Caring for people who are suffering is a loving, even heroic calling, but it takes a toll. Roshi Joan Halifax teaches this five-step program to care for yourself while caring for others.
Right speech, right action, right livelihood, compassion—tending to society is part of the Buddha’s path of awakening.
When the Buddha attained enlightenment, he touched the earth. If he touched it now, it would cry out in pain.
Peace will only become a reality when world leaders come to negotiations with the ability to hear the suffering at the root of all conflicts.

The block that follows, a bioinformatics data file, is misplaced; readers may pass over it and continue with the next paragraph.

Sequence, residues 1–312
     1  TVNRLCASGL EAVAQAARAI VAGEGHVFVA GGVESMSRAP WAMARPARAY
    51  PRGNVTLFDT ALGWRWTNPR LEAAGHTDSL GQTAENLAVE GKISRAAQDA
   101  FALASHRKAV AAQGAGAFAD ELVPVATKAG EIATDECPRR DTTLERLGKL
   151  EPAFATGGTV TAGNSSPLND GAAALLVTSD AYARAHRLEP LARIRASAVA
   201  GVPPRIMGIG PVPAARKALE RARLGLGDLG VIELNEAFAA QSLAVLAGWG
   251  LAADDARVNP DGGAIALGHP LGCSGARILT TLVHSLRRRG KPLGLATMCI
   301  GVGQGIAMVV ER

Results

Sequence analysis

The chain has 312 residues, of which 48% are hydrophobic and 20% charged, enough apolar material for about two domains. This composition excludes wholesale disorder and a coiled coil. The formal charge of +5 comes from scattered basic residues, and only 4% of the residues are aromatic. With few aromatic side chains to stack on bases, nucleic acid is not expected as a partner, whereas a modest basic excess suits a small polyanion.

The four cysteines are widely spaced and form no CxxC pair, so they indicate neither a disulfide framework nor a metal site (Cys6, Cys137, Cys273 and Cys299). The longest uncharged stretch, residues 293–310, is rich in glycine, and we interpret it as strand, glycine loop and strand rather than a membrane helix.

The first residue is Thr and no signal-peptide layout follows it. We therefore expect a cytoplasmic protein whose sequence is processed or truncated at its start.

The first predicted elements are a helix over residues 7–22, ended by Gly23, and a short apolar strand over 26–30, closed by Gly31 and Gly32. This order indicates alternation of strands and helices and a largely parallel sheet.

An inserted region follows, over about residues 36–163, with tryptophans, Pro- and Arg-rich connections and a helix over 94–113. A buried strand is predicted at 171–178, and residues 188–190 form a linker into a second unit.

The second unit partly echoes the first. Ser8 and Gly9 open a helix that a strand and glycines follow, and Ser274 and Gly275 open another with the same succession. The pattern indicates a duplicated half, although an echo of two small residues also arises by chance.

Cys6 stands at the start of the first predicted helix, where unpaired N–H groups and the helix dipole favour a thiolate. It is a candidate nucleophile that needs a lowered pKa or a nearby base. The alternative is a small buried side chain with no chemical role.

The practice of love, says bell hooks, is the most powerful antidote to the politics of domination.
Now more than ever, says Thich Nhat Hanh, we need a global ethic of compassion, understanding, and peace. Here’s how Buddhism can help.
Roshi Joan Halifax reflects on the idea of “wise hope” and why we should open ourselves to it.
Looking for a late-night snack, the young Martin Luther King, Jr., discovers instead the truth of interdependence. A short story by Charles Johnson.
To change the world, says Jan Willis, we need hope. And hope grows from nonviolent actions, no matter how small.
Mushim Patricia Ikeda says it’s not enough to help others. You have to take care of yourself too.